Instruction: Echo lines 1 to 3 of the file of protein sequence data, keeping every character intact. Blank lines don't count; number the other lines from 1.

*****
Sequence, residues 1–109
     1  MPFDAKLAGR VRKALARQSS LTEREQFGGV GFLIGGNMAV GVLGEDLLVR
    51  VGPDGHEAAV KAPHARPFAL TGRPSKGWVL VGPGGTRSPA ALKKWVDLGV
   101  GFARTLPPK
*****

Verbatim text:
Sequence, residues 1–109
     1  MPFDAKLAGR VRKALARQSS LTEREQFGGV GFLIGGNMAV GVLGEDLLVR
    51  VGPDGHEAAV KAPHARPFAL TGRPSKGWVL VGPGGTRSPA ALKKWVDLGV